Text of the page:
The plaintiff claimed that the school and church breached her employment contract by dismissing her, despite prior assurances that her contract would be renewed for the following term. The court concluded that a resolution of this claim, against the church and school, would not require the court to interfere with church governance or internal administration:
In her complaint, plaintiff alleges that the church made express and implied promises to her concerning her employment, which she reasonably relied upon in accepting employment. She alleges that the church breached its promises to her, among them the failure to timely notify her of non-renewal and the failure to timely terminate her teaching contract year with just cause. As pled, it appears that she can succeed on her breach of contract claim without any religious intrusion. The trial court does not need to determine whether the church had cause to terminate plaintiff’s employment, but only whether it complied with its contractual obligation with respect to the timeliness of the notice it provided to her.
The second step in the court’s two-step analysis required it to examine the remedy being sought: “In terms of remedy, plaintiff does not seek reinstatement of her teaching position, but seeks only monetary damages. Defendants do not contend that entering a money judgment against the church would require excessive interference with church operations. Thus … plaintiff’s breach of contract claim does not appear to be religious in nature and thus does not implicate First Amendment concerns as a matter of law.”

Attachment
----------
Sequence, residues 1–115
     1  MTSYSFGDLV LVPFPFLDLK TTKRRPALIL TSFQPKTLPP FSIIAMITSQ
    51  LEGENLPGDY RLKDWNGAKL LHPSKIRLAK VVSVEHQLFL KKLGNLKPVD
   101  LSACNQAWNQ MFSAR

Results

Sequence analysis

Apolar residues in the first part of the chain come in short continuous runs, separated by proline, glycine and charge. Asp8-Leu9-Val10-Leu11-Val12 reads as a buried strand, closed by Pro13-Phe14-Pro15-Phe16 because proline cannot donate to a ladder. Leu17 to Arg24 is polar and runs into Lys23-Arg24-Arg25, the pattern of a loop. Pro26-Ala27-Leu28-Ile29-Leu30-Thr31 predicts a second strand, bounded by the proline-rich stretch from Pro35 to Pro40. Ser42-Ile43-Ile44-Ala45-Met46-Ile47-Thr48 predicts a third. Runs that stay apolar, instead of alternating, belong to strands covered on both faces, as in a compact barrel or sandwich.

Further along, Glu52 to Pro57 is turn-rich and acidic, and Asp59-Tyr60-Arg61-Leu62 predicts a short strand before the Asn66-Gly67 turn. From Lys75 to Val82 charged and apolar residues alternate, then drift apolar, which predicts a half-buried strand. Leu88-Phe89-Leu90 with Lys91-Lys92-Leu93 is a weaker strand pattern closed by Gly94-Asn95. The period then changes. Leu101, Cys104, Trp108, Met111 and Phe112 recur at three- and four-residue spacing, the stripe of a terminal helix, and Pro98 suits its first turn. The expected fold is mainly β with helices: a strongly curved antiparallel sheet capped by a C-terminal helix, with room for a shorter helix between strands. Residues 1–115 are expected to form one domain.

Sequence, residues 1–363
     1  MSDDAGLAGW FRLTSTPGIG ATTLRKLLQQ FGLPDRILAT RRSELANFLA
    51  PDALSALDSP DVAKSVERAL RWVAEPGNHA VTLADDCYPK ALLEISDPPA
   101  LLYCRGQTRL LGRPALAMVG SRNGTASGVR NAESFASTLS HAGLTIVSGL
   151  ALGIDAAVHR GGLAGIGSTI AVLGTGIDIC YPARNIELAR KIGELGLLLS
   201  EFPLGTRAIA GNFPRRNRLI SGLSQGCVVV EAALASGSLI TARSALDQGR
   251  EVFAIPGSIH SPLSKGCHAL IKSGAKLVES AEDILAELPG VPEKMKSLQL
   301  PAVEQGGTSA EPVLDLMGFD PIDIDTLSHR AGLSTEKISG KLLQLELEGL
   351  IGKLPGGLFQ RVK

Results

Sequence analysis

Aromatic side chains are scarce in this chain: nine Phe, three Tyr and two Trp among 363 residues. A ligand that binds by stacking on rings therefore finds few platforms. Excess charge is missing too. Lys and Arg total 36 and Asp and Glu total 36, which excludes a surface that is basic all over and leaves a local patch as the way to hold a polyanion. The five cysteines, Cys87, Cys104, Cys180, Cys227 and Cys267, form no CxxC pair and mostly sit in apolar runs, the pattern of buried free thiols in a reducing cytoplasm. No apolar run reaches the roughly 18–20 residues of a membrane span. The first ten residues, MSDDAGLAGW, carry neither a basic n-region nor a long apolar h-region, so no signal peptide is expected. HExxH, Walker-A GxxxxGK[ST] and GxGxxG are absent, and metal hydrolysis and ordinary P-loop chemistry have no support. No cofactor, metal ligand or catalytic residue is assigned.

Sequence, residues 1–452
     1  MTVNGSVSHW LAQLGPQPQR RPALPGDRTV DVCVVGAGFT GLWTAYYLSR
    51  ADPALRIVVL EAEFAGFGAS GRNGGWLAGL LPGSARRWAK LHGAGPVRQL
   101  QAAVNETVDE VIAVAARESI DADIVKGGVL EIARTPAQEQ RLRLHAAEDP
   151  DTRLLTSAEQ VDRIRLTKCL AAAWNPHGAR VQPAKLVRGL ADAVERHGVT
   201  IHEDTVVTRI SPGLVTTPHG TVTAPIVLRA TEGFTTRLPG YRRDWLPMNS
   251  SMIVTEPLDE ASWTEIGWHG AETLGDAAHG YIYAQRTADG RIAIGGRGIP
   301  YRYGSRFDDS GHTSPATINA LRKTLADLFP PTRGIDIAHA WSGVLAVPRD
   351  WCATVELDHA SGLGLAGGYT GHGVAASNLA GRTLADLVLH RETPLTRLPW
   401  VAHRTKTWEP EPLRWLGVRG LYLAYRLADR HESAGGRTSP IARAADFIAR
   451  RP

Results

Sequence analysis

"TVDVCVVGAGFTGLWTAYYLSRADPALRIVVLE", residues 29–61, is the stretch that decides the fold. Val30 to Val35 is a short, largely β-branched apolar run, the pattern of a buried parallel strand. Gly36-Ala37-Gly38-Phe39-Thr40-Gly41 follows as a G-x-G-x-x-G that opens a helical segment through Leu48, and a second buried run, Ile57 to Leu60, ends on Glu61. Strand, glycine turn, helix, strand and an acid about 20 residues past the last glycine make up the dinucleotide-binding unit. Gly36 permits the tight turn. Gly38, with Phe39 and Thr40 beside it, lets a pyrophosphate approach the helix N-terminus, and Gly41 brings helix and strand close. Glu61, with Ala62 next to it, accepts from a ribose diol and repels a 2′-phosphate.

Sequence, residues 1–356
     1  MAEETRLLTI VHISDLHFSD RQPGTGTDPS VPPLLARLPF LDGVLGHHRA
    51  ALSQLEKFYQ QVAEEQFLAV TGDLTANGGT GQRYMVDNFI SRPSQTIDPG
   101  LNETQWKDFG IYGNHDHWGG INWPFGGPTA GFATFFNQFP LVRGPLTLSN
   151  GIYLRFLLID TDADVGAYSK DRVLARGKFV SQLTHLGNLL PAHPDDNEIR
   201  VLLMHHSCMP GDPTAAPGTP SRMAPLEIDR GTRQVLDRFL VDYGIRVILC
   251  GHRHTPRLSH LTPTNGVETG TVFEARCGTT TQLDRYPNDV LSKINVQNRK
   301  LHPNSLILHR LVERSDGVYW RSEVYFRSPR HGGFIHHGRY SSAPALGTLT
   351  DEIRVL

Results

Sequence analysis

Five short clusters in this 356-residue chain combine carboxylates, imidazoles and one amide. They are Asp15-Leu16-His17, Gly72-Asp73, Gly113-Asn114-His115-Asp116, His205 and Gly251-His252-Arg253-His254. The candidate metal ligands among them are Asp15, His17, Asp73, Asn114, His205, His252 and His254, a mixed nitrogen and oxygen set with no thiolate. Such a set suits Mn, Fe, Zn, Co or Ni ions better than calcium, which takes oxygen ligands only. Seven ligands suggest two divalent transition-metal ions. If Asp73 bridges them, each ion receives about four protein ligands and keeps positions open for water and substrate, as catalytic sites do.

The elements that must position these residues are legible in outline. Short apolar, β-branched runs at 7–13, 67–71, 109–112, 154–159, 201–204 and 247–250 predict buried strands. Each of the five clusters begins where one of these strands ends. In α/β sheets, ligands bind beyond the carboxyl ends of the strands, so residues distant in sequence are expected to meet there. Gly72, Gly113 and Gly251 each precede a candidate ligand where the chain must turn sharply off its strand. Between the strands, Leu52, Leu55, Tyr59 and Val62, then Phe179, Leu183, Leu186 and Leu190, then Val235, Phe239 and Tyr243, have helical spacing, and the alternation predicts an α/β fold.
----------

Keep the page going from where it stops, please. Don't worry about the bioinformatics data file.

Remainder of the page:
The court cautioned that “if, at some later stage in the proceedings, it becomes apparent that plaintiff’s breach of contract claim in fact turns on matters of doctrinal interpretation or church governance, then summary judgment in favor of the church may be proper.”
claims against individual defendants
The plaintiff raised a novel argument, claiming that the church autonomy doctrine did not apply to her claims against the individual defendants. Rather, she insisted, it only applies to lawsuits against churches and church schools. The court agreed:
The immunity afforded by the church autonomy doctrine is not triggered simply by the subject matter of the complaint. Instead, the church autonomy doctrine applies only if judicial resolution of the claims would violate the First Amendment. This is a fact-specific and claim-specific inquiry, an inquiry that the district court did not engage in here. We are not persuaded that the resolution of plaintiff’s claims against [her supervisor and church officials] will necessarily result in religious entanglement. We thus conclude that the trial court erred in dismissing them as a matter of law.
The court again conceded that “if it appears at a later stage of this case that plaintiff’s claims against [the individual defendants] cannot be resolved without religious entanglement, then those claims may properly be dismissed.”
What This Means For Churches:
This case is instructive for a couple of reasons. First, it demonstrates that employers may violate state and federal employment discrimination laws by “retaliating” against employees because they complained about discrimination on the job. Church leaders should never terminate, demote, or take any other action against an employee that may be perceived as “retaliation” for making a claim of unlawful discrimination without first consulting with legal counsel.
Second, the court concluded that the church autonomy doctrine does not insulate the “secular decisions” of churches and church schools from legal scrutiny. However, the court made clear that if any time while a lawsuit is pending it becomes clear that any resolution of the lawsuit would implicate a court in matters of faith or doctrine, then the case must be dismissed.
Third, the court reached the novel conclusion that the church autonomy doctrine does not necessarily apply to individuals, even if employed by a church. 331 P.3d 997 (N.M. App. 2014).